I’m not going to lie, I am a very competitive person. I like winning in everything. Unfortunately, this umbrella of winning includes you and Olivia. I like successes and this includes yours and Olivia’s endeavors. Whether in sports, academics or milestones, I want you and Olivia to succeed at it all. I want you to be the best. You both are an extension of me so perhaps in some weird unhealthy way, I’m reflecting and experiencing your successes as my own. I know it’s wrong and sad but I can’t help it. You and Olivia are my children after all so isn’t it natural for a parent to want their kids to be the best? Don’t we all secretly hope that our children become these little prodigies where us parents sit back and acknowledge that, yes, I created this. My superior genes created this almighty human. Bow down to my amazing offspring and my magnificent procreating abilities. I mean, that’s what we’re all thinking, no? Just me?
I didn’t realize how much my need to win consumes me until recently when I was informed by your teacher that focus groups would begin to be eliminated for those students who no longer need it. Let me back up a bit. Your class is divided into groups who spend an additional hour after school, one day a week, working with the teacher on focused topics depending on how they’re developing academically in the class. You’re a part of a group of students who are already reading and identifying sight words with ease. When I heard that focus groups were being eliminated for a few students, my competitive spirit kicked in and I automatically thought that you would be one of those students deemed too smart and advanced to continue on with the program. Yes, Miles is incredibly gifted. He’s beyond Kindergarten! I made him! Look at him. He’s a smart one!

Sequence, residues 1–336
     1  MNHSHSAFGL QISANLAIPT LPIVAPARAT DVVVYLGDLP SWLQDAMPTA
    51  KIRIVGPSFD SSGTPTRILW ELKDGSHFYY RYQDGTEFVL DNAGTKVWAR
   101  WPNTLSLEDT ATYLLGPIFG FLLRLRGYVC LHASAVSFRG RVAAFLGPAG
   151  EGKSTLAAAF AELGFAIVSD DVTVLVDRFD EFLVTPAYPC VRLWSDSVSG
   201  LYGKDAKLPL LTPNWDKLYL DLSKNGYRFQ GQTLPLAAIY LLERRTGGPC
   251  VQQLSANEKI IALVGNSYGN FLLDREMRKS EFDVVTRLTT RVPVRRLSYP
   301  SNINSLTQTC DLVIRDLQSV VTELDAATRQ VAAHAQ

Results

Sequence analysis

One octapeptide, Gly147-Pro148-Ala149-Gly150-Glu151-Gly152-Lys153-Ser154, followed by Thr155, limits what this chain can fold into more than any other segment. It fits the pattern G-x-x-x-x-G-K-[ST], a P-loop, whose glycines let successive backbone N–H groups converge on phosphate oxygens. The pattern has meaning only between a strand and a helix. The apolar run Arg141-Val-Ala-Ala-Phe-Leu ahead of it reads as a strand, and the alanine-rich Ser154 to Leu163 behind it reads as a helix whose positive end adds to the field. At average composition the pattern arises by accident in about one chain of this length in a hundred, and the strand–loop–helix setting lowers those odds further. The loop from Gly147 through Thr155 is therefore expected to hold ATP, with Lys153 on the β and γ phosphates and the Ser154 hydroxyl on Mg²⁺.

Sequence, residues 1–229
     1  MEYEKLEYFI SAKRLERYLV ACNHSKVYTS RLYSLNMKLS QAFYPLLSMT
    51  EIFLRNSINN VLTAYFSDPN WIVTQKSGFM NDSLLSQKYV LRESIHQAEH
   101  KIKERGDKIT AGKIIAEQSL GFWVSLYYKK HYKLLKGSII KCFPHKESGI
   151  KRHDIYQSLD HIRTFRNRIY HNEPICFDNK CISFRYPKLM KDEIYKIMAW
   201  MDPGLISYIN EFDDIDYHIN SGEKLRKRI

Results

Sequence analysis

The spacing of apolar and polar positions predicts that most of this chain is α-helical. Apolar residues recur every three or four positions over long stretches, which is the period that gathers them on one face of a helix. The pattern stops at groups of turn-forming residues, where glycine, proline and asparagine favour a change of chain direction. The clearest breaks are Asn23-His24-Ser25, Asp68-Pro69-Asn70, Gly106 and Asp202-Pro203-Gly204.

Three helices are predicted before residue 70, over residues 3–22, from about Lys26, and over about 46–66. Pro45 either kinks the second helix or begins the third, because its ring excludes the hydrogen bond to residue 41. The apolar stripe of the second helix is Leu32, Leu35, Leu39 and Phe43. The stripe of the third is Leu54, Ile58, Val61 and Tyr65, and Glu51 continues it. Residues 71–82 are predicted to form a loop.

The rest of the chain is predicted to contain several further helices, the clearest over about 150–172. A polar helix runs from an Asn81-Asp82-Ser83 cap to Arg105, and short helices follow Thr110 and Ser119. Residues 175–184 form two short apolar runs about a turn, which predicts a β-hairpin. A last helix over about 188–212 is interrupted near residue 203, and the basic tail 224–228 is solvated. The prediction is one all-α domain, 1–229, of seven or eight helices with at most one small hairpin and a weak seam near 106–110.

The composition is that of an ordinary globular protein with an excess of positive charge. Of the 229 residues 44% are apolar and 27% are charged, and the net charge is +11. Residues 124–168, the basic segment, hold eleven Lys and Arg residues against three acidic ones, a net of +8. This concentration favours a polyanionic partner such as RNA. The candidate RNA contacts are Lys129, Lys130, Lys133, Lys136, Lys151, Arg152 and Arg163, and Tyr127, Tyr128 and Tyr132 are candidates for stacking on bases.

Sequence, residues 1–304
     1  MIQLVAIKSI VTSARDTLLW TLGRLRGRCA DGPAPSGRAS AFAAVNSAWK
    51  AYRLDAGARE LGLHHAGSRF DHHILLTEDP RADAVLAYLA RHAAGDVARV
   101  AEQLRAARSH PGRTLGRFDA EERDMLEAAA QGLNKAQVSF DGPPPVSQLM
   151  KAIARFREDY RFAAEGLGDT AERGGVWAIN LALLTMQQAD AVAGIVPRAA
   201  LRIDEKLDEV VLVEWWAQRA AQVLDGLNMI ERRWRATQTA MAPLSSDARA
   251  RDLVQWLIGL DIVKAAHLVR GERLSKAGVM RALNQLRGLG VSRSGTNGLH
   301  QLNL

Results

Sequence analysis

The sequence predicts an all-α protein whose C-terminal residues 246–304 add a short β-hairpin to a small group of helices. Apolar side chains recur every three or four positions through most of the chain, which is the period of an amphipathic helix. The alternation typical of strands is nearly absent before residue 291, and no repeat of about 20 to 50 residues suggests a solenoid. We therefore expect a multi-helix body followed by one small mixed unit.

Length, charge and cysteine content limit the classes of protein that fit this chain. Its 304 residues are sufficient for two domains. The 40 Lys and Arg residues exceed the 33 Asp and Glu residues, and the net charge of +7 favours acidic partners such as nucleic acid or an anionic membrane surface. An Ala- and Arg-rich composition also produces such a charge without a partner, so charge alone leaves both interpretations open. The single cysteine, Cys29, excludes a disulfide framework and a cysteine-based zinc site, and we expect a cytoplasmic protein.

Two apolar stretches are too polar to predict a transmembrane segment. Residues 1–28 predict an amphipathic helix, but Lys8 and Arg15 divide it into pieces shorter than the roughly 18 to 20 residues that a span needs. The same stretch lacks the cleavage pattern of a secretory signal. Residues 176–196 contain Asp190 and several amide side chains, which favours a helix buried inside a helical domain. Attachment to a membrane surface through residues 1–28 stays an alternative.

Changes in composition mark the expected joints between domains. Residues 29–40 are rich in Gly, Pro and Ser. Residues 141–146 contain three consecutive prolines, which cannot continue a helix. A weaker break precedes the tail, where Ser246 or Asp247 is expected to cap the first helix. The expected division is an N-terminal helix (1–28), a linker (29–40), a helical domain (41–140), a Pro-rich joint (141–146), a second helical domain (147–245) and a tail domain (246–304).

You can imagine my surprise when I received notice that your participation in the focus group would be continuing. Wait, what? I quickly asked you if the other kids in your group were continuing with the program as well and you responded nonchalantly that several other students no longer have to participate. What does this mean? Are you having difficulty reading? Are you not writing letters and words correctly? Your teacher never eluded to an issue so why do you have to continue with the focus groups? Suddenly I was riddled with questions and I began to inquire with what you were having trouble with. Did your teacher mention anything to you? Is something too hard for you? In every instance, you said everything was too easy. You then proceeded to tell me how you were asked to answer a series of questions on the computer and you had noticed that another student accidentally used your account and answered a bunch of questions wrong. Wait, what? Did you tell the teacher? Did you explain that you weren’t the one to answer the questions wrong? Does your teacher think that you’re not understanding the lessons?
Why am I freaking out about this? You’re in Kindergarten. I remember when I was in Kindergarten, fighting the urge to not eat paste out of a jar. If I could identify shapes and write my name, I was golden. When did Kindergarten become this? Why does it bother me that you’re not reading chapter books with ease in Kindergarten? Little precocious boy over there is on his second Harry Potter book already and he hasn’t even lost his first tooth. What the hell?! I breastfed you. I gave you only organic fruits and limited your sugar intake as an infant. I read the suggested 5 books every night to you before you could even speak. Why isn’t your brain firing on all cylinders? Why am I crazy? I need a hobby…and a stiff drink.
I shouldn’t be comparing you to other kids. It isn’t fair and it isn’t healthy. I know this but that damn competitive fire in me picks at me over and over and tells me that things should be different. You’re fine. You’re normal. You’re exactly where you should be. I want you and Olivia to succeed. Is this any indication that you won’t be successful later in life? No. Should I be worried? Probably not but perhaps that’s the struggle of a parent. My job is to worry over nothing and to find something to worry about when everything is humming along. I’m supposed to be crazy over your potential.